There are tons of those around and not just on the world stage where their dictatorship-style leading is on view for all to see, but in offices all over the world as well. Old fashioned leadership driven by patriarchal, critical and threatening behaviour.
I remember a company where I ran a series of courses and inevitably on each course someone would mention this one senior manager who sounded appalling; we were even told he whacked people on the back of the head if he was displeased or angry.
Eventually, I worked with the senior team and although this man did have a charming streak, he was exactly as described and I was astonished that a company as supposedly forward-thinking as they purported to be, kept someone like that in a leadership position.
To the relief of just about everyone in the company, two months after we had worked with nearly everyone in the firm, he was put out to pasture. His behaviour, attitude and beliefs were so well-entrenched that unless he had had some form of mystical intervention, he simply wasn’t going to change and the very things the company was telling its employees about respect and honouring colleagues would have been pure lip-service.
This was a good example of a company needing to align its leadership behaviours with its values.
Our take on what makes a good leader is about qualities which develop both the leader and the people around him or her.
Make sure you lead with humility. This is the ability to admit mistakes, the ability to ask for support, the willingness to show vulnerability and acknowledge that even though you may be in a position of leadership, you are on a ‘journey’ as well.
Have a vision. Any vision will do. It doesn’t have to be ‘high falutin’ or grand or designed to change the world. It does have to be something that other people will be willing to support and get behind.
Be clear. Be clear in what is possible; be clear in what you expect of others.
See it from the other person’s point of view. Our personal favourite quality and one that we include on a huge variety of our courses. I’ve written about it many times and will continue to because if you can see where other people are coming from your leadership can literally be transformed.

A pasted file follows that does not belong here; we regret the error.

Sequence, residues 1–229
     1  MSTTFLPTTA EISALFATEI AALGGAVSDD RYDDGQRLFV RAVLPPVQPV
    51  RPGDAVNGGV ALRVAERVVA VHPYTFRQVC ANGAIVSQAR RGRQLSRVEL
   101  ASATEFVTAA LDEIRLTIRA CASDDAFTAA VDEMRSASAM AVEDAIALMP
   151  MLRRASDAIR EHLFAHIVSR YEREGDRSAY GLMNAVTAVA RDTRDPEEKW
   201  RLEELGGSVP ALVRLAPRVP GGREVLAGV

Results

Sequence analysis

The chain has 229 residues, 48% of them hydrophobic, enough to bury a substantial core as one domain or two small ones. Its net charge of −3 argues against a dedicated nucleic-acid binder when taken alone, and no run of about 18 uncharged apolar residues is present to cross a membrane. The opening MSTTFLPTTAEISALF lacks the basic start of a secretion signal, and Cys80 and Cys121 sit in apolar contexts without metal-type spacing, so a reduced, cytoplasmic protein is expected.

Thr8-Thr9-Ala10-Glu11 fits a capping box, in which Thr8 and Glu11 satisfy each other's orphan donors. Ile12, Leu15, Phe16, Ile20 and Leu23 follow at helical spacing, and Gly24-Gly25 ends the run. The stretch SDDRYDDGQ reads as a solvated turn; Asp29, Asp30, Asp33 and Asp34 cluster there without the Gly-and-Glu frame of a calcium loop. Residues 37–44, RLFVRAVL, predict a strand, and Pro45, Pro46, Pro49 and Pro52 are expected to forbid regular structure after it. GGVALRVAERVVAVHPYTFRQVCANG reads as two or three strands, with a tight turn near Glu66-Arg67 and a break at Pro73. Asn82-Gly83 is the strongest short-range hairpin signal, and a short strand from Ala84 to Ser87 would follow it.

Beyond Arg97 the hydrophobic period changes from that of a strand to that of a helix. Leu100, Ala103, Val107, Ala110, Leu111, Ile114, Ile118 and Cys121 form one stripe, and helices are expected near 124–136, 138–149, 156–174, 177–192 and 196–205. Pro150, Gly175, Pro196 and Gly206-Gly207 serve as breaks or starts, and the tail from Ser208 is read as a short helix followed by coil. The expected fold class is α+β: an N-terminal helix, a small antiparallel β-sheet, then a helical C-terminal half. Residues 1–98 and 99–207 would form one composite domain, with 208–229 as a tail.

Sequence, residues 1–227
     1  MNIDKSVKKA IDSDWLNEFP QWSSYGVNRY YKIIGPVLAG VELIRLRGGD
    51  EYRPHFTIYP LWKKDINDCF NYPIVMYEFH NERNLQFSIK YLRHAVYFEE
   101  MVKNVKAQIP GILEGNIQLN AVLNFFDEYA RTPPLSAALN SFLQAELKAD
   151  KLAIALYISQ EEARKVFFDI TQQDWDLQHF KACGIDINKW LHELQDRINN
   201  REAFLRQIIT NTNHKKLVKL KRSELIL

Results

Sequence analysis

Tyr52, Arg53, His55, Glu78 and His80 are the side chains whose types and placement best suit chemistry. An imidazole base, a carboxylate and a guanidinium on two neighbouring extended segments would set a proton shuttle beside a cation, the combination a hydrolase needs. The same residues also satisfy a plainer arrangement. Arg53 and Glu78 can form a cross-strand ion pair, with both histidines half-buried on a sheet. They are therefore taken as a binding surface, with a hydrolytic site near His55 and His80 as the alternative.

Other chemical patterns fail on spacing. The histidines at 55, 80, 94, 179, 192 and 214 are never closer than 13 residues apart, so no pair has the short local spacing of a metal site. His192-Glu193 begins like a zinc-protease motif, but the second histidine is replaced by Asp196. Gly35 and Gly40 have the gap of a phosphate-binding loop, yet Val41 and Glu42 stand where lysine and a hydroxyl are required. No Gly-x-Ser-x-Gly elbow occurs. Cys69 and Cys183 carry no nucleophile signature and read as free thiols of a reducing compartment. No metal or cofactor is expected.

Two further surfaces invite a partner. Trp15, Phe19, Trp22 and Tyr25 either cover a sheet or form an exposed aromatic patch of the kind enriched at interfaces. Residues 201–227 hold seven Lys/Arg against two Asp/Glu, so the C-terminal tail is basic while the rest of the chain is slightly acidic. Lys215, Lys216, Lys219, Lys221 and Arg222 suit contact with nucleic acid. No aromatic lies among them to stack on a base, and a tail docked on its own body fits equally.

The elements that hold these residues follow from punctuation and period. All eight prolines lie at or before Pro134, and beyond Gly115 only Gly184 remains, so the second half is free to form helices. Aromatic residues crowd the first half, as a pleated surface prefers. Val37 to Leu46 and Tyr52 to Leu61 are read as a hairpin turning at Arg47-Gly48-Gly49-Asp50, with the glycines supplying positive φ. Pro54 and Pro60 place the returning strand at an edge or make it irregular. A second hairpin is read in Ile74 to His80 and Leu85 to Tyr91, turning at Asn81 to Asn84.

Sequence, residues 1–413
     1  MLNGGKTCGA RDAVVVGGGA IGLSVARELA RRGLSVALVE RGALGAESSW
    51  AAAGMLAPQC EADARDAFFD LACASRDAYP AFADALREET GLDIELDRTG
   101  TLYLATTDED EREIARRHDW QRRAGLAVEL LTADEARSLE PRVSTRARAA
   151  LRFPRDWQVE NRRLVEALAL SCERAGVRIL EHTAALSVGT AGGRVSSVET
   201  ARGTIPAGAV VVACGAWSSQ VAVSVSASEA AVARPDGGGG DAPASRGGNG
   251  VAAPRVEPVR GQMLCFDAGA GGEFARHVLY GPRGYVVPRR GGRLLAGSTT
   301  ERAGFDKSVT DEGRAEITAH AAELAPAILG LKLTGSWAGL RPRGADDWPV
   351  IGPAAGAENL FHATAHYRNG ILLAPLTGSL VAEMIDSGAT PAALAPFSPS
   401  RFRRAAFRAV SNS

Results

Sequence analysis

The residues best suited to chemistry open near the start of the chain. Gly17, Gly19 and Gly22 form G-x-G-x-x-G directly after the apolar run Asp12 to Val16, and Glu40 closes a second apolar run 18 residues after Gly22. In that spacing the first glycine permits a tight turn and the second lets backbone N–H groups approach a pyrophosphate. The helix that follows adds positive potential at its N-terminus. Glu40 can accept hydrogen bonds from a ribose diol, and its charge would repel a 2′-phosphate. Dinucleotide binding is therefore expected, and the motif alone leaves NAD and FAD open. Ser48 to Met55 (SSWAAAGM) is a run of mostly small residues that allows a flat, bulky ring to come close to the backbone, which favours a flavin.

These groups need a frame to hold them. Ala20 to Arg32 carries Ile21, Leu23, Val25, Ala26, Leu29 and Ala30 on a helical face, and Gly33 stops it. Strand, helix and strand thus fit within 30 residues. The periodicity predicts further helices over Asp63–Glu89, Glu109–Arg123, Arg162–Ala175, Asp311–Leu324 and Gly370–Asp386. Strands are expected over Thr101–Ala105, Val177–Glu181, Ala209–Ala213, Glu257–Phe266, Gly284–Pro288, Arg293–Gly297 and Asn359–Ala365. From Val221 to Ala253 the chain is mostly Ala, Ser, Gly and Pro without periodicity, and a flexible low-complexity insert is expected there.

Forgive other people’s mistakes. You make mistakes, other people make mistakes. There really is absolutely no point crying over spilt milk. Get to the bottom of why stuff has gone wrong and at the same time help your people get over their upset and distress.
Move things along. We all get stuck every once in a while. Getting unstuck is another key to great leadership; finding ways to get things going again.
Which leads us to ask for support (which I mentioned before). You don’t have to find ways to get things going again all on your own. Ask those you lead for their ideas and input; ask other colleagues, talk to friends and family. When people ‘go it alone’ they generally appear aloof, unapproachable and distant.
Being a great leader means you are approachable, open-minded and accessible.
Everyone can develop great leadership qualities - qualities reflect behaviour and your people will respond if you lead from a place of openness rather than having a ‘keep away’ sign around your neck.
By Jo Ellen Grzyb, Director, Impact Factory